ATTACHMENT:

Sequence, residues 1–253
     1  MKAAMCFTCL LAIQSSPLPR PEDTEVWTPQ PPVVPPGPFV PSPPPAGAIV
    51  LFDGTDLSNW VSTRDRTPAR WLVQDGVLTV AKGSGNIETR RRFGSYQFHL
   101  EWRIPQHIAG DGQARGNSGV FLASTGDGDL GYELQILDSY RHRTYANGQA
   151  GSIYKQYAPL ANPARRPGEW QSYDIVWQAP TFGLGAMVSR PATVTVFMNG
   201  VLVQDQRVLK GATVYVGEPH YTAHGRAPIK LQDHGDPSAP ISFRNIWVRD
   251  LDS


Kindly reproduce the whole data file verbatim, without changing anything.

Sequence, residues 1–253
     1  MKAAMCFTCL LAIQSSPLPR PEDTEVWTPQ PPVVPPGPFV PSPPPAGAIV
    51  LFDGTDLSNW VSTRDRTPAR WLVQDGVLTV AKGSGNIETR RRFGSYQFHL
   101  EWRIPQHIAG DGQARGNSGV FLASTGDGDL GYELQILDSY RHRTYANGQA
   151  GSIYKQYAPL ANPARRPGEW QSYDIVWQAP TFGLGAMVSR PATVTVFMNG
   201  VLVQDQRVLK GATVYVGEPH YTAHGRAPIK LQDHGDPSAP ISFRNIWVRD
   251  LDS